Serious and Sillier


  • Animals learn by linking neurons in their brains

  • The more often neurons fire, the stronger the linkages between them

  • Pain motivates a search for stimuli which results in neurons firing more often

  • A stimulus which causes pain triggers searches for itself and other stimuli

  • In this way consciousness promotes associations between important stimuli 

American black bears are opportunists. The diet of these omnivores vary depending on their habitats and the seasons. They will eat what they can find or catch: fruit, berries, nuts, tubers, insects, fish, rodents, deer, edible garbage from humans - and, of course, honey. If a black bear hears a buzzing-noise in the forest, it might think to itself along these lines: "the only reason for making a buzzing-noise that I know of is because you're a bee. And the only reason for being a bee that I know of is making honey. And the only reason for making honey is so as I can eat it."

The benefits of learning

In fact there was only one bear who thought in exactly these words and that bear was Winnie-the-Pooh. Nevertheless, just like Pooh, real bears probably do learn to associate the buzzing of bees with food – even if they don't use his string of conscious reasoning to do so. Learning is useful, especially if the environment is challenging. It means that an animal can use new stimuli to adapt its behaviour and so take advantage of new opportunities and avoid new dangers.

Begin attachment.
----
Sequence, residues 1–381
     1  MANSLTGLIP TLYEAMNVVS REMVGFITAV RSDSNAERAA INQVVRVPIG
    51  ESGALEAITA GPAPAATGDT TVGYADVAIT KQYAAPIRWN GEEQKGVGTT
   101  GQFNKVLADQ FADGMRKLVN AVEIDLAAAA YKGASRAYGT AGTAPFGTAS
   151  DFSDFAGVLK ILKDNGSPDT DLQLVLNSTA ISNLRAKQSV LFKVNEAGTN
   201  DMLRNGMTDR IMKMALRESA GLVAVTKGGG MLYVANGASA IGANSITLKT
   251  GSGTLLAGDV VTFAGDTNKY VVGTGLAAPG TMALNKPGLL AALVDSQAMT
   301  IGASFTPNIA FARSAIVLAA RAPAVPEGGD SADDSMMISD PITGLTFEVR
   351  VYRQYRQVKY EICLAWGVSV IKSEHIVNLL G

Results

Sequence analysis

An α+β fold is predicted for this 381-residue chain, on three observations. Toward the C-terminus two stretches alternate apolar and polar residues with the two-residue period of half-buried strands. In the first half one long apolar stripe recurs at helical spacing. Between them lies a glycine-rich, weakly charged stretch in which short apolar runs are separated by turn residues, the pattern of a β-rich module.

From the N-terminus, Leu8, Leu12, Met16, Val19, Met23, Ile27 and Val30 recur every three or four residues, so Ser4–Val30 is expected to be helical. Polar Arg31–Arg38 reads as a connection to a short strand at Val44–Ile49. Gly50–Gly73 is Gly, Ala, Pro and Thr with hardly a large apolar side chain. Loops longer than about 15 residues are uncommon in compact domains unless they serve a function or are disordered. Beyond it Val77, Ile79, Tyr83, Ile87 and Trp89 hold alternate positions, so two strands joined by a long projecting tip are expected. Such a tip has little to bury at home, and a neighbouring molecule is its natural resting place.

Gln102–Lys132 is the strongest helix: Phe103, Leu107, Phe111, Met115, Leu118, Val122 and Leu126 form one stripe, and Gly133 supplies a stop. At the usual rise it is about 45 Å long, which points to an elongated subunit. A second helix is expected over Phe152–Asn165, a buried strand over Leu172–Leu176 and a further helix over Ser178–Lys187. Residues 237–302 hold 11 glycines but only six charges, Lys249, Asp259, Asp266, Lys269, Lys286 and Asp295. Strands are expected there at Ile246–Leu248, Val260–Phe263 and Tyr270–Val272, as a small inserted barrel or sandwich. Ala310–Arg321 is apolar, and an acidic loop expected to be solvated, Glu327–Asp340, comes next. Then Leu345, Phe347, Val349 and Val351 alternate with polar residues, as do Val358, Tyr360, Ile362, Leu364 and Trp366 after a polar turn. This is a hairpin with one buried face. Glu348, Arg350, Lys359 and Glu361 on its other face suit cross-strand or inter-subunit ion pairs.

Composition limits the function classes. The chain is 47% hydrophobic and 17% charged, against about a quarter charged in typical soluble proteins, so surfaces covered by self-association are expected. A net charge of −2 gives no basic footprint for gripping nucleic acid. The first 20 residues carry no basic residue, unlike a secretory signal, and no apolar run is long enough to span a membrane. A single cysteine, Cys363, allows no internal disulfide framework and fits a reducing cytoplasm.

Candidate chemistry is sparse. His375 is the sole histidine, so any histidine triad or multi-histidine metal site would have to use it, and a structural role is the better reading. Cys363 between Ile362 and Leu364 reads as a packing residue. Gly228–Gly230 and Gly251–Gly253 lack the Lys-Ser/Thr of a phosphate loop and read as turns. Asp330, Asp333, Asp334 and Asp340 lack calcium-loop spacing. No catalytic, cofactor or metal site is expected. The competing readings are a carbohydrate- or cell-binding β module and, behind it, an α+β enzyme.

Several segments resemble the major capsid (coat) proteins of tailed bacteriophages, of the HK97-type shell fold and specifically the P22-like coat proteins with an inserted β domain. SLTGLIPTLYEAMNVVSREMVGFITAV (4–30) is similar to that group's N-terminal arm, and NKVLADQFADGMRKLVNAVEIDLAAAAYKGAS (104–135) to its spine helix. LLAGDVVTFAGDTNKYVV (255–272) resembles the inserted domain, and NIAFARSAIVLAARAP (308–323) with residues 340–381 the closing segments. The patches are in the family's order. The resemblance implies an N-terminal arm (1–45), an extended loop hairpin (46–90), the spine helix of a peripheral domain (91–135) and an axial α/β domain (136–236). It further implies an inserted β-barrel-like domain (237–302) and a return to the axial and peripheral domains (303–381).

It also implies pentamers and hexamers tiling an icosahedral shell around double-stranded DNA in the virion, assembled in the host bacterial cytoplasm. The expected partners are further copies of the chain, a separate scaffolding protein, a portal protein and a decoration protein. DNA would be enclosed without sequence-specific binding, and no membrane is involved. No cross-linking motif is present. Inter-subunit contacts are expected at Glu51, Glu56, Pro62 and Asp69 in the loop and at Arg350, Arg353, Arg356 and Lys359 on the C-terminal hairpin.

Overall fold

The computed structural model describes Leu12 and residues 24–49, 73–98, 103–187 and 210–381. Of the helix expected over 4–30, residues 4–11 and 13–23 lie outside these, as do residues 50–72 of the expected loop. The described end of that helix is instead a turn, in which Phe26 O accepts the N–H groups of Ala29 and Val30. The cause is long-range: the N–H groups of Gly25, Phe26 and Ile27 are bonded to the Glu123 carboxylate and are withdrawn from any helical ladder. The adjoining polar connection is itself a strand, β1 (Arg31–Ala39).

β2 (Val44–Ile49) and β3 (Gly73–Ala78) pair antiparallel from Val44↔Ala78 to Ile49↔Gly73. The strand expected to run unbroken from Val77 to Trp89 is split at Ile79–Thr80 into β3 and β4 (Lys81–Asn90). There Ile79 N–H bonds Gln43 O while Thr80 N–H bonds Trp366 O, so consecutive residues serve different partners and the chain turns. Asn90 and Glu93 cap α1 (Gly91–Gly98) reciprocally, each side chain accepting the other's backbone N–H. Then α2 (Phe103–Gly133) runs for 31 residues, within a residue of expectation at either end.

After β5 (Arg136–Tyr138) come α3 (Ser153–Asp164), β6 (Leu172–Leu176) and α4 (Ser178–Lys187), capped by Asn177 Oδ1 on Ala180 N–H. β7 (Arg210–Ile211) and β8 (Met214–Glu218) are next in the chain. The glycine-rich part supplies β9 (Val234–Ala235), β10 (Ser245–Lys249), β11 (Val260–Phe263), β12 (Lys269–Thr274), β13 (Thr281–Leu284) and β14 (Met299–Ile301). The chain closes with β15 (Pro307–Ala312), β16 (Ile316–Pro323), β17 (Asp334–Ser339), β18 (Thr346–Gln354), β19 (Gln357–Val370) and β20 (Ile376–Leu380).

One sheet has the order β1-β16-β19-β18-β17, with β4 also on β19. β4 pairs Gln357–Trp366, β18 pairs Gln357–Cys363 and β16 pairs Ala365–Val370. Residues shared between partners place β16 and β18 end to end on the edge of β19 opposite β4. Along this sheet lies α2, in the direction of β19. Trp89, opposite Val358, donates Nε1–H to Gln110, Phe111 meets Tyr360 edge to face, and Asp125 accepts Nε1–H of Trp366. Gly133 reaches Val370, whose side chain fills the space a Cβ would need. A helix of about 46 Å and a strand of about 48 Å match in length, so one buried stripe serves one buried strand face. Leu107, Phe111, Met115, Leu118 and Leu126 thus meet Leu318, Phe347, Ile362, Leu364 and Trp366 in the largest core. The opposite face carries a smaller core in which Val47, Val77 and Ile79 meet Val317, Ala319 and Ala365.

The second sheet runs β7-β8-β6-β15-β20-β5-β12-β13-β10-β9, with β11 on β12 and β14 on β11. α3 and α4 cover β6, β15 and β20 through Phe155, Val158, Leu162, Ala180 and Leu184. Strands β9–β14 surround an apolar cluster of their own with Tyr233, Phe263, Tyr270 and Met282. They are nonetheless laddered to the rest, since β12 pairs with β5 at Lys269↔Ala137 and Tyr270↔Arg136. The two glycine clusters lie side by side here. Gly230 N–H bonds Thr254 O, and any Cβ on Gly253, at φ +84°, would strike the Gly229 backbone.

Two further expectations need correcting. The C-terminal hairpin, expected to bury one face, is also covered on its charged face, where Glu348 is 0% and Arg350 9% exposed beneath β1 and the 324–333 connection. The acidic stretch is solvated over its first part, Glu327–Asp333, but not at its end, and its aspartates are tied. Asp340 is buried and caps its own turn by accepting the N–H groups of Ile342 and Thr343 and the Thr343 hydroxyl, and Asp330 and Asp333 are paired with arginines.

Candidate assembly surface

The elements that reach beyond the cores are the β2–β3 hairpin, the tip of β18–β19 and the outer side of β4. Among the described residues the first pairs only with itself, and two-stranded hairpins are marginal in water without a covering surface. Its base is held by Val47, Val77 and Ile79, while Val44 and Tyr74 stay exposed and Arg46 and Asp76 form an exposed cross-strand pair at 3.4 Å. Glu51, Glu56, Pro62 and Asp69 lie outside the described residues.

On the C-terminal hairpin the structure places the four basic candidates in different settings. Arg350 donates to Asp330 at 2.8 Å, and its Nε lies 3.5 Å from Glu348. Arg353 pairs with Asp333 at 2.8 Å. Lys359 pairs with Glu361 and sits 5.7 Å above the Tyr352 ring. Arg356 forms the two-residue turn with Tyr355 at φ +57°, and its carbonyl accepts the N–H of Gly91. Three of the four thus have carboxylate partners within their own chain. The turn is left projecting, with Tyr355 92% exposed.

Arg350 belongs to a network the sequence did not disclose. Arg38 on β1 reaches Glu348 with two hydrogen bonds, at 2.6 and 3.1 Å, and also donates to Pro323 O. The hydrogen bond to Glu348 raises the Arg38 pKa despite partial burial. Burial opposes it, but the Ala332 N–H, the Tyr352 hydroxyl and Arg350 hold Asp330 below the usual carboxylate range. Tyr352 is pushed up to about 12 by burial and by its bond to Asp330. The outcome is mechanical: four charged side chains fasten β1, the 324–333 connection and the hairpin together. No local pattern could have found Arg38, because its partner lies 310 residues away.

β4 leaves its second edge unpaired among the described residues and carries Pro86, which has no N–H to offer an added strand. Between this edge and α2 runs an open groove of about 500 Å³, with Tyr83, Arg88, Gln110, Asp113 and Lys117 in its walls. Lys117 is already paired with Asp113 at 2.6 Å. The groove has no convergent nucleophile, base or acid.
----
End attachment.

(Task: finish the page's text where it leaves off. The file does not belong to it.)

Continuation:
What is happening in the brain of a bear when it learns that a buzzing-noise means honey? This particular association has never been studied in the laboratory but a similar one has – that of dogs linking the sound of a bell to food in Pavlov's conditioning experiments. So I'll use this example to speculate on what might be going on. For now I'll consider the simplest variation of the experiment – when the bell is rung at the same time that the dogs are given food.

The most straightforward mechanism